The verdict comes months after the woman, Salma Al Sharif, took legal action against the defendants.
According to the local news outlet, the ruling was issued by the judge as legislators did not find enough evidence to incriminate the men.
Speaking to Okaz, Al Sharif's lawyer said his client was disappointed with the legal decision and will now take the case to an appeals court.
The burning down of Al Sharif's car had gone viral over the summer
Al Sharif's car was burned down shortly after a ban lift on women driving took effect in the country on June 24.
The young woman had decided to hit the kingdom's roads after getting her license, but a few men in her hometown Al Jamoum weren't having it.
Though they repeatedly threatened and harassed her, Al Sharif defiantly drove her car, angering the men. They then burned her car down in a hate crime that shocked thousands.
At the time of the attack, Al Sharif shared her story with media outlets, saying the men demanded she stops driving because it was "against the will of God."
She also labelled the crime "barbaric" and said she would take legal action against the perpetrators.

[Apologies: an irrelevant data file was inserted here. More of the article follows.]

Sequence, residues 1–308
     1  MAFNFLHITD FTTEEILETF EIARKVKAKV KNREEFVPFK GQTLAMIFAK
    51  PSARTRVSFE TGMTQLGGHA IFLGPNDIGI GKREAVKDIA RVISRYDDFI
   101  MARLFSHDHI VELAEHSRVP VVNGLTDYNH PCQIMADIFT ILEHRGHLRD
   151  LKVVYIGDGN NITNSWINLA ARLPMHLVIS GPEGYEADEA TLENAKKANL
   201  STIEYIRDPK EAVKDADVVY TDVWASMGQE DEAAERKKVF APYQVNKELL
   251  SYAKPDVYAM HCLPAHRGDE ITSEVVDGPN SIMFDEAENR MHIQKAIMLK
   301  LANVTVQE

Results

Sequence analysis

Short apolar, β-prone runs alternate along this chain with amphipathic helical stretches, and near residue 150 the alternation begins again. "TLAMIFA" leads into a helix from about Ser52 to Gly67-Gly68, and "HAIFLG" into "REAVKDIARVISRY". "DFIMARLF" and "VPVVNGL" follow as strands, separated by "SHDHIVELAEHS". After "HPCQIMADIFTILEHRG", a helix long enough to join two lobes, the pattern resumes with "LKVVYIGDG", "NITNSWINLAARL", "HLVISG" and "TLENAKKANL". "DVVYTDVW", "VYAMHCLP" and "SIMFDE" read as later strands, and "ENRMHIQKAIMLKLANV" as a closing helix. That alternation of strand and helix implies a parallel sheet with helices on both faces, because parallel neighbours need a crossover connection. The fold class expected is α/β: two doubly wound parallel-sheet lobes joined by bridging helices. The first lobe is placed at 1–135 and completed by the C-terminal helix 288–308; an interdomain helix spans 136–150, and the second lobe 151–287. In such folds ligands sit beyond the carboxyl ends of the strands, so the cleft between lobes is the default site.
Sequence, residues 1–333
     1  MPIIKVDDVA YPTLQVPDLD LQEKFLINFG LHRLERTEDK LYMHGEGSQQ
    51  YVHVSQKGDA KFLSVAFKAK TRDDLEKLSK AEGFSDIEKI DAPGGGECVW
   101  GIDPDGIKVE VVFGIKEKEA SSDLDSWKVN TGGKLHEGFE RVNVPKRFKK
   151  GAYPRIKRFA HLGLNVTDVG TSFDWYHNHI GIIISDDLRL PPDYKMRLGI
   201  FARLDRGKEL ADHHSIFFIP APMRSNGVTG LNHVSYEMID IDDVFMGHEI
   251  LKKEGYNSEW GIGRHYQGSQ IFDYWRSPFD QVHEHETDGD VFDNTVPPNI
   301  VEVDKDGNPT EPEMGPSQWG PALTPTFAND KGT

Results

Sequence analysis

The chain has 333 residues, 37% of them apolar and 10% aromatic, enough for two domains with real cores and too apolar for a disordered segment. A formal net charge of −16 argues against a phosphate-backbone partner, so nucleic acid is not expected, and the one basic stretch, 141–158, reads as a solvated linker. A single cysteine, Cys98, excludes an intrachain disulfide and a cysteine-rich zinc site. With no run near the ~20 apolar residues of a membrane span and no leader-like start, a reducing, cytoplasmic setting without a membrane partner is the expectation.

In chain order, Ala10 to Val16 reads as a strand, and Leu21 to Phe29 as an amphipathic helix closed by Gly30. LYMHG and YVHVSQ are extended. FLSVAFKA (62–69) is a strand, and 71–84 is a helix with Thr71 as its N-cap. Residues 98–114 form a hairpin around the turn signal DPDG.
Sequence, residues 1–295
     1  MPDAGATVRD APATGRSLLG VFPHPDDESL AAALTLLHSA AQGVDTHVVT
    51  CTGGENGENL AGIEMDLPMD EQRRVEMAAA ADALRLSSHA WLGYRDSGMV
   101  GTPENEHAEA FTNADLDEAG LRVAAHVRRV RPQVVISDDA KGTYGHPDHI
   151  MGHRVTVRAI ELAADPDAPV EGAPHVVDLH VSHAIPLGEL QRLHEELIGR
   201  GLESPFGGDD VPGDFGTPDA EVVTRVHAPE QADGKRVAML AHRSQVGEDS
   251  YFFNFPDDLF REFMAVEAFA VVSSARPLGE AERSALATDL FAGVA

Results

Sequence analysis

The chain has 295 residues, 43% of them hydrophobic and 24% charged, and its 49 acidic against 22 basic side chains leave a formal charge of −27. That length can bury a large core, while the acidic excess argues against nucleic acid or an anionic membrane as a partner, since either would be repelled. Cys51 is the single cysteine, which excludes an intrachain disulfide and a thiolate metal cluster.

The most recent turn in the case divided Saudis on Twitter
Some nodded in agreement with the verdict
"If a court found them innocent then they were falsely accused. There's no way they wouldn't be punished if they did take part in something like this."
"They were found innocent and this means they didn't commit this act"
"This case isn't going to just pass, they're going to find out who did this. We're in a country of justice, our legal system isn't corrupt."
Others were angered by the ruling
"The most immense injustice."
"Even our legal system is misogynistic"
People had so many questions
"So the car burned itself down?"
"Appeal this verdict and take back your full right"
Al Sharif isn't the only woman who was harassed for driving in the kingdom
"As I was driving my car today, I was harassed by a young man on The King's highway. The man kept on chasing after my car, going right and left in the three lanes ahead of us! When he realized we were filming him, he sped away. He put my life and my family's life in danger and also risked the lives of those driving around us. I reported him to the kingdom's authorities."
Though the ban lift on women driving in Saudi Arabia was celebrated by millions, it also sparked anger among misogynists in the kingdom.
Some of them didn't only attack the decision online, but also harassed women who drove on the country's roads.
One of these women is Dr. Samar Khan, a Saudi national who was harassed by a male driver while driving her car on one of the kingdom's highways.
At the time, Khan filmed the incident and reported it to police in order to teach her harasser a lesson.